Anybody interested in reading yet another completely off-base diatribe against homeschooling?
Yeah, I thought not, but here’s the link, if you feel the need to be completely misunderstood and unappreciated today. If not, the boiled-down version is that homeschoolers aren’t interacting with the community in a “missional” way. As soon as you can wipe the tears of laughter from your eyes well enough to read it, my rebuttal follows. (OK, I wrote my post two weeks before seeing this, but there ya go. I pre-rebutted it.)
1. the friendly reception and treatment of guests or strangers.
2. the quality or disposition of receiving and treating guests and strangers in a warm, friendly, generous way.
The words “homeschool” and “hospitality” really don’t seem to have anything to do with one another on the surface. People who don’t homeschool can surely take a meal to a friend or invite someone over for coffee and a chat, right? Besides, aren’t homeschoolers supposed to be locked up in the house all day playing the violin and learning how to spell “queue” in lieu of learning to stand in one?
Contra the stereotype of the sickly-complected, shut-in, socially phobic homeschooled child, my children have been given a unique opportunity to be involved more directly in ministering to their communities because of my decision to educate them “at home”. (Actually, one of my kids is a little bit pale and sickly, to be perfectly honest. But it has nothing to with homeschooling.)
We’ve found that part of the beauty of not being locked up in a school building all day is having the flexibility to drop whatever is on the schedule and respond to sudden needs of our extended family and friends. Life doesn’t just happen on nights and weekends, after all, and when someone falls ill or needs a babysitter, somebody needs to be around to help out. The trouble with that, in our modern world, is that most of the people who are able-bodied enough to help are already punching a clock.
Just as we’ve decided as a culture that “education” is limited to the three R’s, and that children should specialize in that, we think caring for the sick and elderly is a specialty–something that should be done by CNAs and meals-on-wheels so we can free up friends and family members for the workforce.
I’ve made it pretty clear elsewhere that I think making a home is just as necessary a “contribution to society” as that paying job that feminists are so eager to have us take. Every time you take a mother from the home, you have to pay someone (several someones, actually) to take her place. The same goes for kids. If you take them from the home and the neighborhood and make it their “job” to sit behind desks all day, you remove one of the community’s most vital resources. We’ve turned a valuable asset, the idealism and energy of youth, into a liability.
Caregiving and community-building are a big part of my vision for our family, even though we’re actually pretty shy people. Well, I used to be shy, anyway. The opportunities we’re finding to minister to others—whether it’s a hot meal for a bachelor who is sick and doesn’t know how to cook, or a young mother who needs some help with the kids for a day or two—have improved my disposition immensely.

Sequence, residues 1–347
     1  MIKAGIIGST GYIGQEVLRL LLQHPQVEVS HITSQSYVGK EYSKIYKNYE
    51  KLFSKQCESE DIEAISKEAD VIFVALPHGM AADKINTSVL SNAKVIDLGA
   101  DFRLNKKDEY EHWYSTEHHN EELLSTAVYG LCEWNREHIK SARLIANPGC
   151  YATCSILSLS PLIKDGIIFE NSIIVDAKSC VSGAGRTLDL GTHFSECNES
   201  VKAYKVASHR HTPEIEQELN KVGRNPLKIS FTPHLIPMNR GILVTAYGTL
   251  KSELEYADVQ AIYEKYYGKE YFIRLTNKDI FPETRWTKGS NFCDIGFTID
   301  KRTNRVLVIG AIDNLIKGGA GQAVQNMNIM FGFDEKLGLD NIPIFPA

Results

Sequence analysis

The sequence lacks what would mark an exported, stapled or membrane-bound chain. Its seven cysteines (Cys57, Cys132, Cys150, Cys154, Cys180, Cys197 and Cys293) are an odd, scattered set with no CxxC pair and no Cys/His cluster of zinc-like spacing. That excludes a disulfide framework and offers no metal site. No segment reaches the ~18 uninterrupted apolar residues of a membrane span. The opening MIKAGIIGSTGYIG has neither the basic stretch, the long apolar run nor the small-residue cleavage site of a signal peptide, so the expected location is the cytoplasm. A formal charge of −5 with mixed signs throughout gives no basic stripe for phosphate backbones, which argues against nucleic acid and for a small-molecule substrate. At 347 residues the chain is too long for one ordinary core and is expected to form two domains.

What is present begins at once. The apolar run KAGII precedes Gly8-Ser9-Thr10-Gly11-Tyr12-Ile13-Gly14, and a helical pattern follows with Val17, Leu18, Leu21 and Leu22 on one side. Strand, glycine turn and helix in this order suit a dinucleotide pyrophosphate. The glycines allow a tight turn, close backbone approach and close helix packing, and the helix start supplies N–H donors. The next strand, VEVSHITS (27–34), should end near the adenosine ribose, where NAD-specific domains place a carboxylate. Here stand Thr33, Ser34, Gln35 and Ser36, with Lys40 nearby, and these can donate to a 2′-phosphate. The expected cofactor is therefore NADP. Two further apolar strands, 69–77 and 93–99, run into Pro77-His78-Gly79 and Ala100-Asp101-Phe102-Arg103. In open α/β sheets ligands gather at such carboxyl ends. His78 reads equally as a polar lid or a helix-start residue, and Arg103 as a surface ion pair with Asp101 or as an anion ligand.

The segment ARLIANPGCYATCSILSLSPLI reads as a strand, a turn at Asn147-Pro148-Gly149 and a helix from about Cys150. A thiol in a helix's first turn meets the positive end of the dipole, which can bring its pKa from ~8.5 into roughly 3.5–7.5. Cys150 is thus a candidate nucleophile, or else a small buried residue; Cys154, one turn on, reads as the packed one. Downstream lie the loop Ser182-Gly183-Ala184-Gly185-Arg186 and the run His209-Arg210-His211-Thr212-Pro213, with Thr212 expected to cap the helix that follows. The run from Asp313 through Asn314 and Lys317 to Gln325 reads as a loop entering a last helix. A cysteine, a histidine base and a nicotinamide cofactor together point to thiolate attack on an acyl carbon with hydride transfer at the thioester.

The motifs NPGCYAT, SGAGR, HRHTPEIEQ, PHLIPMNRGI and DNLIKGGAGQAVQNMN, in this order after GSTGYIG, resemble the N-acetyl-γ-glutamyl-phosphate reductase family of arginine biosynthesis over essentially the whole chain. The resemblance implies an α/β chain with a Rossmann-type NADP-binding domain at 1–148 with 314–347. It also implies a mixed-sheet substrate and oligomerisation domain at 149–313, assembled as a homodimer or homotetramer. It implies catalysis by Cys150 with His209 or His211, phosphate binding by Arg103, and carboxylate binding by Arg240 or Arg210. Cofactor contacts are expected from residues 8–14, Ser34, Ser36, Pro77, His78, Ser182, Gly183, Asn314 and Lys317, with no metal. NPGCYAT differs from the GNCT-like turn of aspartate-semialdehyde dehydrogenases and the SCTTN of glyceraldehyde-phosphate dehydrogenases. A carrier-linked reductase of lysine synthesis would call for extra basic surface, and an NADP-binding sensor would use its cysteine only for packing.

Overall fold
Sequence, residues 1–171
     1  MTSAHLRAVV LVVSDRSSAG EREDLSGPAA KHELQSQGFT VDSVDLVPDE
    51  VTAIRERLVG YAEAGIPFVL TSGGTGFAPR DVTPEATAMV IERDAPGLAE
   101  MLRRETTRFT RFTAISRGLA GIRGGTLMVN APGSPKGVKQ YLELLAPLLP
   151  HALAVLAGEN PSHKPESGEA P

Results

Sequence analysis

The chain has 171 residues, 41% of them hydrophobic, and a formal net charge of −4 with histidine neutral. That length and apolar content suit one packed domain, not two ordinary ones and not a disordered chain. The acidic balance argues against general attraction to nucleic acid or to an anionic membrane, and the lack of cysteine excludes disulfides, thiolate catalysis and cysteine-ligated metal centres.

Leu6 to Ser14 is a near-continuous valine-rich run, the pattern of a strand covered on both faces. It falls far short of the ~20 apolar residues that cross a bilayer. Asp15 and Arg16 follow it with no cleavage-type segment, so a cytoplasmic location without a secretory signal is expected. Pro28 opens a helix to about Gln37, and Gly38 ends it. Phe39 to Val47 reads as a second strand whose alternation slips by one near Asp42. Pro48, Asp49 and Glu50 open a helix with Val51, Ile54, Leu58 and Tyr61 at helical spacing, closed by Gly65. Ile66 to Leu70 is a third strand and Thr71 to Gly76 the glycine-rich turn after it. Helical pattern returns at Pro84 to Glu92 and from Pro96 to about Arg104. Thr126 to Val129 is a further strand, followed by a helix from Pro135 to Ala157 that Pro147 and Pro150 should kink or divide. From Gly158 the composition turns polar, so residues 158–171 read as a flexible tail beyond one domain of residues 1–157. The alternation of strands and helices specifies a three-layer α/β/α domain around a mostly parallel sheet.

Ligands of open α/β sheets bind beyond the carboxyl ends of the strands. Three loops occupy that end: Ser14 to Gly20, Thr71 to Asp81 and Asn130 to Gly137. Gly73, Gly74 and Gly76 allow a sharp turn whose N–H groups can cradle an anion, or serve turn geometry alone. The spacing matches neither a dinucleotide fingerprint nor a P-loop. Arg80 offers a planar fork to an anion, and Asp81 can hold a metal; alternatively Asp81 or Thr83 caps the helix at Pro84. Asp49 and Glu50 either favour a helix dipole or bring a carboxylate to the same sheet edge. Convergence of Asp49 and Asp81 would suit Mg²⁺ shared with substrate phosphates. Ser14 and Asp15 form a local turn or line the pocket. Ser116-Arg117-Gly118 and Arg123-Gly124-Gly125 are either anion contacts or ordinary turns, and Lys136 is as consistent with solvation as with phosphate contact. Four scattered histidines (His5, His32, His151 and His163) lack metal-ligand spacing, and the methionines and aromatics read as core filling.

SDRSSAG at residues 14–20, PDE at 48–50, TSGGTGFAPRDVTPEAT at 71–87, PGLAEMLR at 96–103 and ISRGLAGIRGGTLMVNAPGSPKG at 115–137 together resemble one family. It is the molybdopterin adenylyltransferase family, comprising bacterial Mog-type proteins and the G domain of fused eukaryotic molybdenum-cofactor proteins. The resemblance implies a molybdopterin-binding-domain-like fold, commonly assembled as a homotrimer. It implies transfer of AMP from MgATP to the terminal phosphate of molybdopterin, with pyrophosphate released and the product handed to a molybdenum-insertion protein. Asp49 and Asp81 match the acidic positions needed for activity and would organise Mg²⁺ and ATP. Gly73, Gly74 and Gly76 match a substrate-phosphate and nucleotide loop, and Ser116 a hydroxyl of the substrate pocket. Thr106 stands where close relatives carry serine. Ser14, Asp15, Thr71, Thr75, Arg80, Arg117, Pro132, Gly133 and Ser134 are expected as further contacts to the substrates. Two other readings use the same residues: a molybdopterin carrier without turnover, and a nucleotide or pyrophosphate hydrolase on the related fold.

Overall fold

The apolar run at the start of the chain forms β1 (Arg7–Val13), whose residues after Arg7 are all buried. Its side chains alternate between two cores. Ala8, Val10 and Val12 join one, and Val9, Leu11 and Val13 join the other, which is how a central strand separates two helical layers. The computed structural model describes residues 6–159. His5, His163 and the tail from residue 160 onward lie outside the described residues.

When children are involved in homemaking and hospitality, they learn that loving one’s neighbor is not a government function or an organized charity’s charter, but their own duty to perform—unpaid, and perhaps unappreciated–but necessary all the same.
I don’t think it’s impossible to teach children these things without homeschooling them, but there are only so many hours in a day to use for such things, and those hours are normally taken up with school, homework, and other self-serving pursuits. If we can give a few hours in the afternoon to a friend in need instead of doing yet another round of math drills (which we can always do at bedtime) I consider that to be time well spent.
The answer to the fracturing of the community is not more pasted-together “community” in the form of volunteer organizations, school functions, and big charities (though I acknowledge their usefulness in the gaps), but in finding more time for each other as friends and neighbors.
Something has to change, if we want our culture to become a healthy one (if such a thing is even possible in this fallen world), and I think that something might very well be education as we know it. It has shown itself to be a failure in many respects, but the institutionalization of the community is, I think, one of its worst products.
As homeschooling families, we are in a position to help correct many modern dysfunctions by using our freedom to build relationships with those around us.
Is hospitality a priority in your home? Do you consider ministering to others, both inside and outside the home, to be an important part of your child’s upbringing?